Brick red gums can be indicative of sepsis, fever, and toxicity.
Black spots on the gums can be suggestive of malignant melanoma, while a red line around the teeth can be indicative of gingivitis.
Causes of White Gums in Dogs
As seen, white gums in dogs can be indicative of a variety of conditions. Following is some more information that goes in more depth on some conditions known to cause white gums in dogs.
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There are several medications for dogs with separation anxiety, but in order to be effective, they need to be accompanied by a behavior modification plan. With dogs suffering from separation anxiety to the point of it affecting their physical and emotional wellbeing, it's important tackling the issue correctly. Veterinarian Dr. Ivana lists several medications for dogs with separation anxiety.
Ask the Vet: Help, My Dog Walks as if Drunk!
If your dog walks as if drunk, you are right to be concerned. Dogs, just like humans, may be prone to a variety of medical problems with some of them causing dogs to walk around with poor coordination. Veterinarian Dr. Ivana shares a variety of reasons why a dog may walk as if drunk.
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Anemia in Dogs
Circulating red blood cells that made in the dog's bone marrow, carry oxygen from the lungs around the body. A deficiency in the number of red blood cells is called anemia.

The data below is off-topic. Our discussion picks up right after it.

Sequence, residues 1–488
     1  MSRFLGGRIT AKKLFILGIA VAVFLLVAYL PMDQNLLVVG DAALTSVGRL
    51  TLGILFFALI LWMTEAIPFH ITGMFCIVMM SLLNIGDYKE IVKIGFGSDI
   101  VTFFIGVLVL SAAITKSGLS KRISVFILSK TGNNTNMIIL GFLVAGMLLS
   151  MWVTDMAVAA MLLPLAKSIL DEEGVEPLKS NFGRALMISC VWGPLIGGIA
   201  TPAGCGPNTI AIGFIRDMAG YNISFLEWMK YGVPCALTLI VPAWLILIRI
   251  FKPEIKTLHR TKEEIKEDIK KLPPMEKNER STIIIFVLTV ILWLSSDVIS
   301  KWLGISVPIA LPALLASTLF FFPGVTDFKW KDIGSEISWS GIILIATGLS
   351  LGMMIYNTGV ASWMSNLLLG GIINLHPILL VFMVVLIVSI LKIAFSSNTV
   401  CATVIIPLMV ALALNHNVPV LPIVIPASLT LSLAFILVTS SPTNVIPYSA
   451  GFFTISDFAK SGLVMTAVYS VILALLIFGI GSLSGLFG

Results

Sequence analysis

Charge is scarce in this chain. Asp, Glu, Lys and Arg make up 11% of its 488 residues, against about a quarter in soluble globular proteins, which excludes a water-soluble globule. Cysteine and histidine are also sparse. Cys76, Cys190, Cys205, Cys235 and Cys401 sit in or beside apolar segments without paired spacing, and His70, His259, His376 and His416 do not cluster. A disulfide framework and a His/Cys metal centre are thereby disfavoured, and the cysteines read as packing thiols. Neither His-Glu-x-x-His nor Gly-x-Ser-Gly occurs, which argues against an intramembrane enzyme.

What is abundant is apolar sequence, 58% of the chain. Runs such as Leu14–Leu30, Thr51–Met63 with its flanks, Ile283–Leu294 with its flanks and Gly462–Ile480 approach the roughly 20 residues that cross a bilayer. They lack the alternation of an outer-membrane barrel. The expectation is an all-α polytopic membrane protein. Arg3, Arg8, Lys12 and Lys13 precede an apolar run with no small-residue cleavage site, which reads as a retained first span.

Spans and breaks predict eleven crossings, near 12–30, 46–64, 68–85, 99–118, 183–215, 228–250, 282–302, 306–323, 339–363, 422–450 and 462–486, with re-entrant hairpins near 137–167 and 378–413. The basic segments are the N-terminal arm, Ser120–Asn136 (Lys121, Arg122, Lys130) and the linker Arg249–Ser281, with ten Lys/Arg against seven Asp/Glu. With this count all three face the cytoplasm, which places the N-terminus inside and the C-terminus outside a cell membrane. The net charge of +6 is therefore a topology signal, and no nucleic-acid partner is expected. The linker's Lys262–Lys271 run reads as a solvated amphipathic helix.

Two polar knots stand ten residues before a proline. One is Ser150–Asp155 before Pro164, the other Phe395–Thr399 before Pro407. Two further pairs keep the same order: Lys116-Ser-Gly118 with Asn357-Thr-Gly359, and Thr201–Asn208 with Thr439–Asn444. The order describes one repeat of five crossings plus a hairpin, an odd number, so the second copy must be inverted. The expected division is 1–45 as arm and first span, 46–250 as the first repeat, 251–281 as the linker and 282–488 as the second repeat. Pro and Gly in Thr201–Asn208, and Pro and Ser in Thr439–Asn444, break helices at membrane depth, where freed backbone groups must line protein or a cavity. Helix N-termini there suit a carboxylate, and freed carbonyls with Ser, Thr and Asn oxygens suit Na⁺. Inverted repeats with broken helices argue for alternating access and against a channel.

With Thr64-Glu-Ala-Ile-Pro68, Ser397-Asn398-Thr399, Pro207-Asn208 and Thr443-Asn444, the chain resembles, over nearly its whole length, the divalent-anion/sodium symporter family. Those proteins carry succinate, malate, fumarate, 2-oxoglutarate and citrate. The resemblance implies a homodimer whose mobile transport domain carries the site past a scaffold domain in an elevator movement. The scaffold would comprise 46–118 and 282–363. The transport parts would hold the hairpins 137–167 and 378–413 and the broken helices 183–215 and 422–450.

External and internal bleeding are the most obvious causes of anemia, but there are other possible causes, including the premature destruction of healthy red blood cells (hemolysis) and suppression of red cell production in the bone marrow.
Simply stated, anemia thins the blood. This development sometimes produces an audible heart murmur. Lethargy and weakness are common signs of anemia. Seriously affected dogs pant more than normal, their gums become pale and their pulses quicken.
Based on why and how they develop, there are several types of anemia.
- Anemia due to blood loss is mainly caused by external injury and internal bleeding. The latter may result from stomach or duodenal ulcers, inflammatory bowel disease, tumors, parasites such as heartworms. Fleas, ticks and hookworms can also cause chronic blood loss in puppies.
- A hemolytic anemia is any condition in which healthy red blood cells are destroyed prematurely. There are many causes including toxin-producing bacteria that destroy red blood cells, tick-born blood parasites such as Babesia, inherited genetic defects (restricted to certain breeds – West Highland White Terriers, Basenjis, Beagles, American Cocker Spaniels and English Springer Spaniels) and immune-mediated hemolytic anemia (IMHA). IMHA is the most common cause. It occurs when the body’s immune system mistakenly attacks its own red blood cells.